I've always dreaded writing this particular post. I've read so many of my dear friends post on this site where they shared the news of the passing of their loved one. I've cried along with you each and every time. Today I took my precious bride of 35 years to the hospital emergency room because I thought her UTI was getting out of hand and that our local hospice organization wasn't doing enough. Only to find out after we get here that her UTI was showing improvements, but they discovered she had aspiration pneumonia. Her right lung is 2/3 infected. The hospice nurses never detected this and even her pulmonary doctor at the hospital said it was hard to detect. Over our 4th of July weekend, her oxygen level was around 89, her heart rate was soaring to 115, and her temp would go back and forth from normal to 102.5. I really thought I was losing her this past Saturday night. I called in our family and several close friends and they had a chance to see her one more time, although she was totally out of it. Sunday, I was determined it was just a bad UTI, so I had the hospice nurse get another antibiotic prescribed after I showed her the results of the UA that I took (I bought my own UA test strips a few months ago ... 80 for about $80 US ... And worth every dollar). But after 2 days of antibiotics, she only seemed to be getting worse. So I got her into our car by practically dragging her out of our home and then I drove like a race car driver to get her to the hospital, going 45 miles over the speed limit. Fortunately everyone saw my emergency blinkers and would get out of my way. And fortunately the ER wasn't too busy and they took us right away and put her in the "crash room". They had me explain what PSP is (not a sole ever heard of it and there were 3 doctors and about 5 nurses in the room), they started her on oxygen and put in an IV. They took a urine sample and also did a chest X-ray. Once they confirmed she still had the UTI, they started her on an IV of levoquin. And after seeing the infection in her lungs, they started her on Clindamyacin. After about 3 hours in the ER, they moved her up to a private room in the hospital. I plan to stay by her side 24x7. I've constantly had to be there for her, applying suction, catheterizing and changing her Depend, providing her some nourishment with my own supply of Jevity (we have to wait until tomorrow for their speech therapist and nutrionist to show up and order the PEG feeding). Apparently they are extra busy on the floor today, due to our 4th of July holiday. I guess there was a lot of pent up demand for hospital care.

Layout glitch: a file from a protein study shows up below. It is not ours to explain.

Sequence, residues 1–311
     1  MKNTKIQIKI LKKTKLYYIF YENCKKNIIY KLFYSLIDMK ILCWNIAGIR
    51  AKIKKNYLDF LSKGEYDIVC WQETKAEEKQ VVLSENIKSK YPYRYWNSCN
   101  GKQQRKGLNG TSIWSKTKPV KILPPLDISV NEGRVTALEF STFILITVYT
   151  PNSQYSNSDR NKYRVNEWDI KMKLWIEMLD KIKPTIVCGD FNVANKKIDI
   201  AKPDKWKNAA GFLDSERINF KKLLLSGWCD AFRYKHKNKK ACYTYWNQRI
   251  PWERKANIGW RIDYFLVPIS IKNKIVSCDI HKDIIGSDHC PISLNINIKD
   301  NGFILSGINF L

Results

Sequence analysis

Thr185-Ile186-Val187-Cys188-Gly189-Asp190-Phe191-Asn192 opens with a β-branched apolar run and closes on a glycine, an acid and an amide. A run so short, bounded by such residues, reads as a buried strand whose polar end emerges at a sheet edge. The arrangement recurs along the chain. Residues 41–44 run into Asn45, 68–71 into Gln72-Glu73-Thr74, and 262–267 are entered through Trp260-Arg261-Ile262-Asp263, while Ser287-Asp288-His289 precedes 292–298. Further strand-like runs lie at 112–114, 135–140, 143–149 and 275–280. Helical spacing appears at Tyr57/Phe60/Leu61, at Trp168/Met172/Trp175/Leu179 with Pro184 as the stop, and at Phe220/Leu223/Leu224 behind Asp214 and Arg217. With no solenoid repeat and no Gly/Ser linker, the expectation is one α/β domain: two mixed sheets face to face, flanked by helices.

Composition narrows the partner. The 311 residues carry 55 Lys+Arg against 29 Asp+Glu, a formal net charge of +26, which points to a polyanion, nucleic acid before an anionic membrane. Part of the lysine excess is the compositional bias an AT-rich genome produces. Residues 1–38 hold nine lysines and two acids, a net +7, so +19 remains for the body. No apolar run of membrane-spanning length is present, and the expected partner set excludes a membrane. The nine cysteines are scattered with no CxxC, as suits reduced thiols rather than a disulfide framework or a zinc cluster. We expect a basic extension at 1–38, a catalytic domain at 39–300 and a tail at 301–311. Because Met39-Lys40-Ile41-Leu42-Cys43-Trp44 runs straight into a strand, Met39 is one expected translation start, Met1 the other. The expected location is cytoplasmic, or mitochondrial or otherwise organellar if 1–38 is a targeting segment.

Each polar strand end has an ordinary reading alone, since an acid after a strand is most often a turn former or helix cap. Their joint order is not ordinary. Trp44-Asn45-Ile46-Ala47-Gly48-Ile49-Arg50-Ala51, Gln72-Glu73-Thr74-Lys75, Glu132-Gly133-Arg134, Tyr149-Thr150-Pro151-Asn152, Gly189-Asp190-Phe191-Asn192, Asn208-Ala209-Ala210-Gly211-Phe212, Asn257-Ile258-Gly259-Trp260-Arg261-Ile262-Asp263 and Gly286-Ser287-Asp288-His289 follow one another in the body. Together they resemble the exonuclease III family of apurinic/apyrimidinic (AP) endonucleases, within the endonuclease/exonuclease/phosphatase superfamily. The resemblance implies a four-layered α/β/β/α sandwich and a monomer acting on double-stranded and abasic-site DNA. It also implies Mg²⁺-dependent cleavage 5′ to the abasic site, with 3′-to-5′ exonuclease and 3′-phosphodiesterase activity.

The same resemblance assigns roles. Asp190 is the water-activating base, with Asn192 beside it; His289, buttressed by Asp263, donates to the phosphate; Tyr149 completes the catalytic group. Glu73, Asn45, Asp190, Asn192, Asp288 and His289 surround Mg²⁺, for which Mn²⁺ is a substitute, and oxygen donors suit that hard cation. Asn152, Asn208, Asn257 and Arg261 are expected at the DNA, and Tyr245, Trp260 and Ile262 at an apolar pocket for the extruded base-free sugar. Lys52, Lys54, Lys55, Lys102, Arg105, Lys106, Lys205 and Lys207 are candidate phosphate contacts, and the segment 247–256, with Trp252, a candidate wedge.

Her pulmonary Doctor stressed that we are near the end, so even if she recovers from this bout of pneumonia, more will definitely follow, even though she's not taking anything by mouth (food or water). And the subsequent ones will be even harder on her and he doubts she will survive. Her blood pressure was extremely low (84/60), so they've been giving her IV fluids to try to increase it, and it has. Right now, it's 105/70.
It's been a long battle, over 7 years. We've fought the good fight. Tried multiple things to find a cure for her and mankind. She was a part of the Davuentide clinical trial in 2012. We did Stem Cell Therapy in 2014. We tried Salsalate in 2015. We tried to enroll in the C2N trial this past December, but was told she was too far progressed with PSP to be a viable candidate. And I've tried various herbal and vitamin supplements that I had researched and read where there they could possibly provide relief or even cure her. And most importantly, I've prayed. I've prayed hard that the Good Lord would cure her and give us more time together. I'm a fairly strong Christian, but my faith has definitely been put to the test these past few years and especially these past few days. And I know that test is only going to get harder in the coming hours/days.
Please keep Kim and our family in your prayers. I continue to pray for a miracle.
I love you all and I pray for each of you who are battling this disease.